In April of this year, FastCompany.com reported Indiegogo expects to exceed $1.5 billion in money raised on their platform. But they still do not show a profit, even though they report revenue up 50 percent since last year. The piece goes on to compare Indiegogo with Kickstarter—which has raised $3.2 billion and apparently has shows a profit since 2010, only a year after they launched.
This is a bit of a lead up to what happened next back in the dining room:
Elise suggested we start an online fundraiser for the A/C situation. I dismissed it out of hand. “There is no way I am going to ask for help. This was my problem to figure out.”
Then the idea got floated rather than ask for a handout, the “perks” function of Indiegogo could be used to pre-sell nights at the B&B, in the Loft above the bookstore, and for trips on the Literary History Walking Tour.
“So, to be clear: Not asking for a donation, but rather utilizing the tools of Indiegogo to pre-sell our services, and collect the money in advance to pay for the A/C?”
Mmmmm. It seemed possible.
Before I knew what had hit me, our resident millennial had swept me up in the excitement of taking pictures, making a video and putting a campaign together. (Though she did pick a still that makes me look like I just wandered out of a Stephen King novel.) She wanted pictures of before and after to demonstrate how far we have come on the project—and we are genuinely and legitimately on the road to opening the B&B. I love the “after” pictures: the stained-glass window in the Maya Angelou Room and the pictures of the book-page wallpaper, and the velvet lamp shade in the Tom Robbins room. I know how long it took to get to those milestones. The “before” pictures, though they show growth, are hard for me to see.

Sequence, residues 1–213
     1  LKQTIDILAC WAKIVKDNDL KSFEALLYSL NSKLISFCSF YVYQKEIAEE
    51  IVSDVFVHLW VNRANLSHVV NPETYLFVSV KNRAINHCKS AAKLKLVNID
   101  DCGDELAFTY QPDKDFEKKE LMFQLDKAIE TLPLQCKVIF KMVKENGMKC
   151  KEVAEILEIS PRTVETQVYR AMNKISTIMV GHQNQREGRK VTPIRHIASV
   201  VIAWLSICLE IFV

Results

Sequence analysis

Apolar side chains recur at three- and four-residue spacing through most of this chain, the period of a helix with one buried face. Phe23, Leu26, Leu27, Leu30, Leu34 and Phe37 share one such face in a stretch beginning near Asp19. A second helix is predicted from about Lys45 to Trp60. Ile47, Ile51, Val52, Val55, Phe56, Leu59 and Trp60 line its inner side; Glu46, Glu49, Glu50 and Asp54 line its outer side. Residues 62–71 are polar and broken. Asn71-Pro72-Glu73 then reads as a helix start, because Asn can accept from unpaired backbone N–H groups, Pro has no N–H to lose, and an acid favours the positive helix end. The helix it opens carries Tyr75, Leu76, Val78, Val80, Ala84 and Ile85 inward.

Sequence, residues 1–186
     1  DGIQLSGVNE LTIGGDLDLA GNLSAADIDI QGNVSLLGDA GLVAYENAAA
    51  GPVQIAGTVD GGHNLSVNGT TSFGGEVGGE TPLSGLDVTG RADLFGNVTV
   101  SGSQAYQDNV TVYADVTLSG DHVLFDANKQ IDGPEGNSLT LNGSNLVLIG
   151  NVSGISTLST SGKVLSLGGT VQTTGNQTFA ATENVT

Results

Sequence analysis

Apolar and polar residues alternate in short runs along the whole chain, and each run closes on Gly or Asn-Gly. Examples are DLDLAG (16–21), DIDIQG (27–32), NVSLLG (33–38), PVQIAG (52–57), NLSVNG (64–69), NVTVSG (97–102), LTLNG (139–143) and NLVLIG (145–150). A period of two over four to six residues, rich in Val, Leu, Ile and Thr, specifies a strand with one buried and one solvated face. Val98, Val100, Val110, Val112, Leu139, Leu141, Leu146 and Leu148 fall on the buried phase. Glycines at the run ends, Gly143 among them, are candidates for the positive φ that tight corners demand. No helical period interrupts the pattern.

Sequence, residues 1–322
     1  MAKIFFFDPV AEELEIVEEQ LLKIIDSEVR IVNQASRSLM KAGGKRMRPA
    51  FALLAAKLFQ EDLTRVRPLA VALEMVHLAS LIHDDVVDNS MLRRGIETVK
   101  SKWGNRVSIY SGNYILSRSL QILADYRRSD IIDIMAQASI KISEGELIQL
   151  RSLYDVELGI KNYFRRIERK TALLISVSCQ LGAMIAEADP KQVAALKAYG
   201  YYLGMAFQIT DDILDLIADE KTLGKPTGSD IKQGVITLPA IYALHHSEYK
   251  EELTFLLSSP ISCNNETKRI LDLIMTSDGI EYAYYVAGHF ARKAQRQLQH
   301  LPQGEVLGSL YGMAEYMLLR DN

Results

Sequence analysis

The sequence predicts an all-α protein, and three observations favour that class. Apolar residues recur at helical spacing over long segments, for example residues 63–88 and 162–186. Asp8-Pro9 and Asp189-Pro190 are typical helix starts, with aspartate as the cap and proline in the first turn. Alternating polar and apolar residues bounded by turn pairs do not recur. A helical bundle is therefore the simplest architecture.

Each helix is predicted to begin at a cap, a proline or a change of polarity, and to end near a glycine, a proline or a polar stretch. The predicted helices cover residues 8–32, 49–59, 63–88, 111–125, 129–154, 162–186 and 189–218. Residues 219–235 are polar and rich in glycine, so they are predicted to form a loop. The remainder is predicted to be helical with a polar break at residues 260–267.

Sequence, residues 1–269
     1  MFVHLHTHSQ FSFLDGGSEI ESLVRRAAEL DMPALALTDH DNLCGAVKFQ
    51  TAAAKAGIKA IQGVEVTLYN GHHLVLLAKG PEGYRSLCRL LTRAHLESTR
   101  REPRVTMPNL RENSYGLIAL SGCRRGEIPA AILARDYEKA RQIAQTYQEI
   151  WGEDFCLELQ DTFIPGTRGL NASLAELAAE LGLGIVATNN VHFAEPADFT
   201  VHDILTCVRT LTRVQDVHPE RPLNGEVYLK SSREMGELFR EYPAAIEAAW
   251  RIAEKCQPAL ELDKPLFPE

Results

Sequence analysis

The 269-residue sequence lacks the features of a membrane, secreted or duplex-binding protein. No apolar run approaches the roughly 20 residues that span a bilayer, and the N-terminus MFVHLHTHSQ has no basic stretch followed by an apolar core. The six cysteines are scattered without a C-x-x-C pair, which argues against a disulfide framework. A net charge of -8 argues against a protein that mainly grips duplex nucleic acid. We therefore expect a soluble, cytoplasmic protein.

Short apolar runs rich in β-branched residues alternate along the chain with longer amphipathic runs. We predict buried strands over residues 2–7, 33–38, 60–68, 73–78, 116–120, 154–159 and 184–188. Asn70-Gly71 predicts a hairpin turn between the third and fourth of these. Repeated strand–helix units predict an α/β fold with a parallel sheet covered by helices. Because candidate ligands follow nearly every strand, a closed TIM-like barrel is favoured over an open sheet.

The estimate for the A/C came back at just under $8,000.
“So we need to try to raise $8,400 to account for the charge that goes to Indiegogo,” Elise suggested.
“No,” I shook my head. “That seems disingenuous. If we can pre-sell $8,000, I can come up with the finance charge. I can’t face asking people for that.”
Elise gave me a quizzical look (a common occurrence) and shrugged her shoulders.
When we pushed the button to launch the campaign. I thought I was going to have a stroke I was so stressed out and worried.
Perhaps no one will notice and I can go die quietly under a rock over there, I thought. That seems like a good solution.
Then my email started filling with questions and requests from people in regards to the B&B. They asked if theycould just go through us (the bookstore) directly rather than Indiegogo.
“Yes! Yes we will happily take your reservation—no problem!”
“You have a great track record with The Loft and it’s a good way to get the pictures of the B&B out there for people to see,” Jock noted when I showed him the campaign.
“You are actually offering something real.”
“Well, I would rather not play the Ponzi game with the bank. If you think about it, this is a more advanced version of the ‘borrowing from friends and family’ rung of the raising capital ladder.”
“It’s just more formalized and reaches a wider circle of friends and has a specific repayment attached to it.”
Perhaps it is part of the allure—the faces, the names and the handshakes of the people you owe a debt to, rather than a computerized voice on the other end of the phone line.
Taken together, it is a pretty powerful zeitgeist.